The Book of Judges
With the death of Joshua, the Jewish nation entered a new era. No longer was there a single national leader, a virtual king of the nation, as Moses and Joshua had been. True, there were courts in every town and city, as commanded by the law, so that there would be a system of justice, but there was no formally constituted national leader.
There should have been a general acknowledgement that, as Samuel had insisted centuries later ‘The Lord your God is your King’, and all questions of law and policy should have been decided by the national or tribal Sanhedrins. Instead, the tribes became involved in settling their respective provinces, setting up homes and farms and, because of their reluctance to eradicated all Canaanite influence from the land, often tended to adopt the corrupt practices of their neighbours.
As the Book of Judges notes all too sadly: <<In those days there was no king in Israel; all the people did what was right in their own eyes>> (Judges 17:6 and 21:25). There were episodes of extreme sinfulness that caused God to remove his protective providence from Israel, and foreign oppressors would exercise predatory control over parts of the country. Nevertheless, the masses of the people never lost their faith in God and their basic allegiance to the law.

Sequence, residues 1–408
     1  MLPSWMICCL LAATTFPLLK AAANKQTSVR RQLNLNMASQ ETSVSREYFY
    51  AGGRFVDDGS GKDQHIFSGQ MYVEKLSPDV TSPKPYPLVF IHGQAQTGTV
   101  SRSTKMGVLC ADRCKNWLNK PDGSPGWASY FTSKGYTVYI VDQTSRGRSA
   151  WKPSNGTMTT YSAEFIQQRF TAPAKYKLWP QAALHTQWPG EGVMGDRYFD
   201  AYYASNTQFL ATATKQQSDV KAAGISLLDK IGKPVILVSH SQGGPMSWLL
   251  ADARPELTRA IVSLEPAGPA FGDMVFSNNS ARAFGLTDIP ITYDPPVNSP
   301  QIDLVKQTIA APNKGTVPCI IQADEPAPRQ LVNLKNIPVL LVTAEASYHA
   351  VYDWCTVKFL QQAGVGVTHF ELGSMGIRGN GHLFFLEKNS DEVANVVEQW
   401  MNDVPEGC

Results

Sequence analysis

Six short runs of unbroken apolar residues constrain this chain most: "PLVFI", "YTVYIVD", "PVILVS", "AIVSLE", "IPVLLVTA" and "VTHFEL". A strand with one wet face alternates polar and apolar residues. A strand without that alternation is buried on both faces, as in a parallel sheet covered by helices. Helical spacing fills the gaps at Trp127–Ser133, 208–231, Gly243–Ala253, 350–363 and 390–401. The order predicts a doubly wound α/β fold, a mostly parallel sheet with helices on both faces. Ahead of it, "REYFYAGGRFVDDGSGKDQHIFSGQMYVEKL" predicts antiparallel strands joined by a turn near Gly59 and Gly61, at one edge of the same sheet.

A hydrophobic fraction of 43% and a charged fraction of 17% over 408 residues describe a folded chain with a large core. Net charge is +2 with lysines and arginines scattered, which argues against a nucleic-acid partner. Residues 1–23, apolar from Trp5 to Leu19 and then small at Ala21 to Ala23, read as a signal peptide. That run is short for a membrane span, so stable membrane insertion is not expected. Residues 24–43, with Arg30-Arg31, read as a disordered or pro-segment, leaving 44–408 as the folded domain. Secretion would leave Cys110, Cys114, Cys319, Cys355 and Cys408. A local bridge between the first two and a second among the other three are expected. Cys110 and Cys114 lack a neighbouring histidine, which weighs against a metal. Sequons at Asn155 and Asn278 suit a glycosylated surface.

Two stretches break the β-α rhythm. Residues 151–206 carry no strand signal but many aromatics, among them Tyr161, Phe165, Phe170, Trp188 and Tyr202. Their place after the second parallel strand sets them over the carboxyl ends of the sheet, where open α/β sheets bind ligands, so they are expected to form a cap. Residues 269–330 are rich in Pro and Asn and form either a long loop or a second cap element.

God would raise up a leader, known as a judge, who would rally the people to repent and thus deserve God’s help once again. Then, generally, the judge would conquer and expel the oppressor and the nation would enjoy a long period of tranquillity, until it slid downward again.
Sometimes the judge would be someone of great renown, such as Deborah or Othniel, who was one of Joshua’s greatest contemporaries. Sometimes he would be a young man of enormous but unknown potential, such as Gideon. There was a time when the nation did not merit a leader as great as these historic figures, so Jephthah became their judge; or a time when they did not deserve to conquer their enemies, so God gave them Samson, whose individual exploits kept the brutal Philistines at bay.
In reading the Book of Judges, it is essential to note that the combined years of peace and righteousness far outnumbered the years of failure and persecution. Always, the judge was chosen by God, and whenever he or she called upon the people to repent, they responded. The nation had shortcomings, but it was essentially righteous and true to the law and the law giver.